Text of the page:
For some good leg stretcher hikes that also offer fun for the whole family, check out the local Fox Run and Black Forest regional parks. These parks offer an oasis of ponderosa pine woodland amid crowded urban areas. The trails are a busy network of intertwining loops that include interpretive signage about local plants and animals. Birds you may see include Pygmy Nuthatch and Hairy Woodpecker. For families and groups, there are picnic pavilions and playgrounds to entertain the non-hikers. Both parks are located just north of the Woodmen area.

For Fox Run Park, which used to be a Fox Ranch, enter the main park entrance on Stella Drive. Shortly after the entrance, bear left and go about one-quarter of a mile to an intersection, then continue straight a short distance to the parking area on the right.

Fox Run Regional Park
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Trails at Fox Run Regional Park have interpretive signage about local plants and animals, and occasional “You Are Here” signs to help you stay on course.

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The trail network can be a bit confusing with multiple criss-crossing trails and the uniform pine woodland that lacks unique landmarks. However, the park is bounded by busy roads and the trails have occasional “You Are Here” map signs, so getting lost is not likely. Just south of the parking area, a trail crosses the road. Follow this trail a short distance southwest to a T junction and bear left. Continue south for one-quarter mile to an intersection, turn right and head northward for half a mile to another intersection that is close to where you parked. Continue straight for another half a mile to a T junction and bear right, swinging eastward to another T junction. Turn left and follow trail for three-quarters of a mile as it heads northward then swings east and south to a good landmark: the parking area and restrooms on Rollercoaster Road. From here, follow the trail for half a mile, swinging west, then another half a mile swinging south back to the parking area.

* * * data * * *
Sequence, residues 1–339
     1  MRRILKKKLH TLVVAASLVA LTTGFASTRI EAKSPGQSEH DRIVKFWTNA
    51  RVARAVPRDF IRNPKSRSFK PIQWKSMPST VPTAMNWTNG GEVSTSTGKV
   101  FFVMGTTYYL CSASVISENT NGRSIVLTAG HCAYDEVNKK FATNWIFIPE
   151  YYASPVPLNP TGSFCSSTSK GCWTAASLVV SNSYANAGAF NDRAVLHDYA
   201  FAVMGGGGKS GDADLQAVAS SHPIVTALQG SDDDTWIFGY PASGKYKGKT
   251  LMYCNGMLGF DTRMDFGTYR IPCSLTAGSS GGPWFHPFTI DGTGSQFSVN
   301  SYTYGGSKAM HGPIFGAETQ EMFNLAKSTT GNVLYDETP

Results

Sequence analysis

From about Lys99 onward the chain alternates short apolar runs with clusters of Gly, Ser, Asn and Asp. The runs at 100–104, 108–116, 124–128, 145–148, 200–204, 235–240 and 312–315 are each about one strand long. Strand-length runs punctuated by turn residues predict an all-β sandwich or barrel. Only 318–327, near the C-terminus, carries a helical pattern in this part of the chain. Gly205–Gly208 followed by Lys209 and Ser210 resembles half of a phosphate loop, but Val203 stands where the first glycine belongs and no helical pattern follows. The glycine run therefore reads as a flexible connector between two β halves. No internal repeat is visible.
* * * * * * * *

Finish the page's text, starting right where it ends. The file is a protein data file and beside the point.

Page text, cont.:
For the Black Forest Park hike, use the parking area on Milam Road just 200 feet north of Shoup Road (not the main entrance). Head northeast on the trail. The best way to do a wide loop is to simply bear right at all trail intersections, and after about three miles you will loop back to the starting point.

Joe LaFleur has lived in southern Colorado since 2016 and is a hiking enthusiast who hits the trails weekly. Contact Joe with questions or feedback at joelafleur@tds.net. Hiking is great exercise but can be hazardous. Always be sure to plan well, check the weather, bring a printed map, tell someone where and when you are going and contact them when you return safely.

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